problem will go away. That simply won't do." The income contingent loans scheme is also supported by the C V C P and other groups. Sir Eric Ash, former Rector of Imperial College and non-executive director of the Student Loans company described the idea as "entirely sensible", and inevitable " i n one form or another". The report also proposes a national academic credit transfer scheme, an idea which is supported by the C V C P . Discussions between Government and universities may not be the only way of making progress on the funding issue. The Association of University Teachers repeated its call for a Royal Commission to be set up to examine the "nightmare issue" of funding. The proposed Commission w o u l d examine opinions from all sides of the debate, and report next summer with a solution.

Foot on Wells Y

vision o f U t o p i a , collecting his idylls of humanity in this tome. It is perhaps saddening to then learn that towards the end of his life he became despondent a n d bitter. Perhaps it is not surprising, considering these last thoughts were written during, and after the Second W o r l d War, soon after which he died. Michael Foot clearly admires Wells as a novelist but above all as a visionary thinker. A s such i t would be inappropriate to compare these two characters on From his allegorical treatthese grounds, Foot seems to be ment of Imperialism in "War of the perfect pupil and humble disthe Worlds", criticising its inhuciple of Wellsian thought. manity, to his prognostication Despite a frail frame and a regarding the effects of atomic malignant tunour on his left eye, power in "World Set Free", Wells Foot delivered an eloquent trained his mind not only on the speech and, unlike Wells in his contemporary problems of old age, is still resolute in his humanity, but also those of the beliefs. future. To illustrate, Foot read a In particular, he is no less passage from "World Set Free" in anxious about the nuclear threat, which Wells imagined the Strand despite the recent non-proliferapopulated with unemployed peotion treaty (which, he says, Wells ple "shamelessly begging." predicted as being the only way to control this form o f technologLater Wells wrote about his

H G Wells is often referred to as the father of Science Fiction. H e is seldom recognised as the social thinker that he was. O n Wednesday evening, as indeed in his recent biography, Michael Foot attempted to highlight this aspect of Wells' work. A better biographer could not have been chosen by Wells' himself for such a task (Foot was leader of the Labour party between 19801983, and is a staunch socialist himself).

P H O T O : ALEX FEAKES

Former Labour Party leader, Rt Hon Michael Foot reached deep for his speech on Wednesday evening. He spoke in the Haldane library, and attended a reception afterwards. ical advancement). It is easy to be cynical about Foot's motives to publish this work exactly 50 years after W e l l s ' death, but in fact a

European U n i o n directive has been issued to extend the copyright period. It seems Foot is a genuine socialist warrior to the last.


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week Felix will print the manifestos of this year's candidates. To prepare you, we interviewed the current sabbs to see if they stuck to their plans. Next

Tim Townend Reading Tim Townend's manifesto with a year's hindsight, his promises seem courageously precise. Here is a man who pinned his colours to the mast, and in his own inimitable style he has a insistent answer for every question. RW: So have you promoted and encouraged the arts societies? TT: No one's prepared to get off their arses: I've been working hard on getting sponsorship for SCAB e social and cultural amusements boarcl.1, but it's taking some time... they have a much lower purchasing power than the rest. RW: So what the sports clubs: you said you would obtain a high level of coaching in all of them?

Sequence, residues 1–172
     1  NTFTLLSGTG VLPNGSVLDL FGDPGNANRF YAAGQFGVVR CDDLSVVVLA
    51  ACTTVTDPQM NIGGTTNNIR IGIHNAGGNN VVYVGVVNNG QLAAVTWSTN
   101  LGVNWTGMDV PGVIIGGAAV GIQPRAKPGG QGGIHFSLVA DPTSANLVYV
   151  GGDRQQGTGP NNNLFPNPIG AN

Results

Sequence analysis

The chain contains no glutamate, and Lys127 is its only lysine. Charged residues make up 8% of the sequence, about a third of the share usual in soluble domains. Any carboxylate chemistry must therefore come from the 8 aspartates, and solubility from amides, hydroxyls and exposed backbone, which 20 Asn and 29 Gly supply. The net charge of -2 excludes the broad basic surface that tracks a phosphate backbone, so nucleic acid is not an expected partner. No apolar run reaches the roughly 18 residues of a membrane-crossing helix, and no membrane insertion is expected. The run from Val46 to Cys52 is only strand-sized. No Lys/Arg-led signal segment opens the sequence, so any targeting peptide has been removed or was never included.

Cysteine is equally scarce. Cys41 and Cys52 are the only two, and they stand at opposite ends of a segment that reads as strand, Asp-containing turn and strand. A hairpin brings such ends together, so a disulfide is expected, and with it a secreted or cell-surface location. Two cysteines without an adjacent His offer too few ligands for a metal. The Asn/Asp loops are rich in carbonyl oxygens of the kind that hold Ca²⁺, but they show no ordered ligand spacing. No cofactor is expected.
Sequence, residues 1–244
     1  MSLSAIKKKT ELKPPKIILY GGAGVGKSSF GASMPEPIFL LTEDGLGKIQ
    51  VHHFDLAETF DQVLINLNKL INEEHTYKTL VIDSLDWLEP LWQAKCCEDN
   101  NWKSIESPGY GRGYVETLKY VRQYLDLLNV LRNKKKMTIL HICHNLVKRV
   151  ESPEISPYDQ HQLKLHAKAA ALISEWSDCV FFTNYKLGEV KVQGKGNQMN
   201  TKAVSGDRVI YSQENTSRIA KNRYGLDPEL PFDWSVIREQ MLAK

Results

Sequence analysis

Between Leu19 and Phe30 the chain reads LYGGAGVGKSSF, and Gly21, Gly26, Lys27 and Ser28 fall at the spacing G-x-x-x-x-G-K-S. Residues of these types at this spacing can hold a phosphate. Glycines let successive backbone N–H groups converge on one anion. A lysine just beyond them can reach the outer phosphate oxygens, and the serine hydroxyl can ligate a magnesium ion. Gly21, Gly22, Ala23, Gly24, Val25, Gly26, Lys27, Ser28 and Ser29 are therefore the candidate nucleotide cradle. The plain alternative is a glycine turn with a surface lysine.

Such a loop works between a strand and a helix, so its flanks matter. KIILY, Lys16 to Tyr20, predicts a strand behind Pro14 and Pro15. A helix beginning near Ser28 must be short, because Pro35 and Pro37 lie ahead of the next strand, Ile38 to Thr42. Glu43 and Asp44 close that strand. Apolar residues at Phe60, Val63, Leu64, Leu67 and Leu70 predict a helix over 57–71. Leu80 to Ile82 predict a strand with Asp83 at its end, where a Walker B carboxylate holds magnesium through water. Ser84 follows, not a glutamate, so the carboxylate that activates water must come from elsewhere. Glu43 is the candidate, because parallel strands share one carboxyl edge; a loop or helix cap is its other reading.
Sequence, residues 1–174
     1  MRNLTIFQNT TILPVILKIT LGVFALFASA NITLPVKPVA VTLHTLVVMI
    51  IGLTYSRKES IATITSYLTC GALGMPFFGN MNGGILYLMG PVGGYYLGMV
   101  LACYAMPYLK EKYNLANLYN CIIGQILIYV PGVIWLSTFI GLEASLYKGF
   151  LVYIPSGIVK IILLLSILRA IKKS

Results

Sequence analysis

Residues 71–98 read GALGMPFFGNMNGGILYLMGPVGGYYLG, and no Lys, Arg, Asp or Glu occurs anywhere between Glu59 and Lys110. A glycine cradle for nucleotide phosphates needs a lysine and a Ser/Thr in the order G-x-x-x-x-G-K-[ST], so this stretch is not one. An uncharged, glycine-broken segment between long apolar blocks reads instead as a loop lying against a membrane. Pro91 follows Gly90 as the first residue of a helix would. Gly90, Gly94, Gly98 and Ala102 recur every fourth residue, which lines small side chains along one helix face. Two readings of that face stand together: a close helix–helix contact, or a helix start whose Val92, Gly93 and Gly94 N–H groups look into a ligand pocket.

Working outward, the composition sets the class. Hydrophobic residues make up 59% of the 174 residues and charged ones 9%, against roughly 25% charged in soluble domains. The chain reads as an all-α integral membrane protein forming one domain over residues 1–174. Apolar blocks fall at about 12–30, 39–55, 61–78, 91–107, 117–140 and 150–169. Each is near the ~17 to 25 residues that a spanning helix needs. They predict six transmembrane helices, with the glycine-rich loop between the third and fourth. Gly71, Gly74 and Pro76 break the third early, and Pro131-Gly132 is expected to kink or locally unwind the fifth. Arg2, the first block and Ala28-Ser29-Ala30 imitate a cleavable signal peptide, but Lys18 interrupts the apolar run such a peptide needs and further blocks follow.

TT: All the major sports clubs have the option of coaching (he reams off a list from hockey and rugby to table tennis) RW: And what about 'extending and unifying recreational resources'? TT: Hmm... it's proving very hard... RW: And extending clubs' social links? TT: It's difficult to get people to organise things... Here follows sizeable exegesis on poster boards and refurbishing the SCR into a clubs and socs room. It all sounds fairly impressive. RW: So then, overall, do you think you're doing a good job? TT: Is that the end of my manifesto? RW: Yeah, we've gone through all your points... TT: But what about sponsorship? RW: umm... TT: Shit! 1 didn't even put it in! Yeah! Sponsorship's gone really well.... I hope people don't take things too badly, but basically, the way things are

structured, sabs, spend too much time in day to day running rather than implementing new ideas. That's the way in all these incidences, I've only gone halfway, and I don't suppose I'll get anything finished.

Matt Crompton



g manifesto] Yes we do MC: keep prices down, I do that at every committee that we do. DaVinci's for example, food is actually cheaper now there's the £1 thing. MB: Was that your idea then MC: Not expressly my idea but I backed it fully. I argued against some prices rises too, we've kept all of the prices down as much as we could. We haven't move to Sherfield, we're now looking at much better plans to try and expand and improve existing facilities over here. The Ents lounge is a priority at the moment. We plan to do something with that over the summer, but there's various other things as well, such as the clubs and societies room. Yes, I think I've done a good job. Shame I was ill though, that really buggered everything up this term. It means I now do 15 hour days. MB: So don't get ill then MC: Yes, don't you dare get ill. But whoever stands should expect, I did anyway, especially at this time of year, to be working all hours. Although perhaps not as much as I do now. That's life I suppose. MB: It must be strange, just getting to grips with the job then watching all these new people getting ready. MC: I'm looking forward to the Mary's hustings actually, to see other people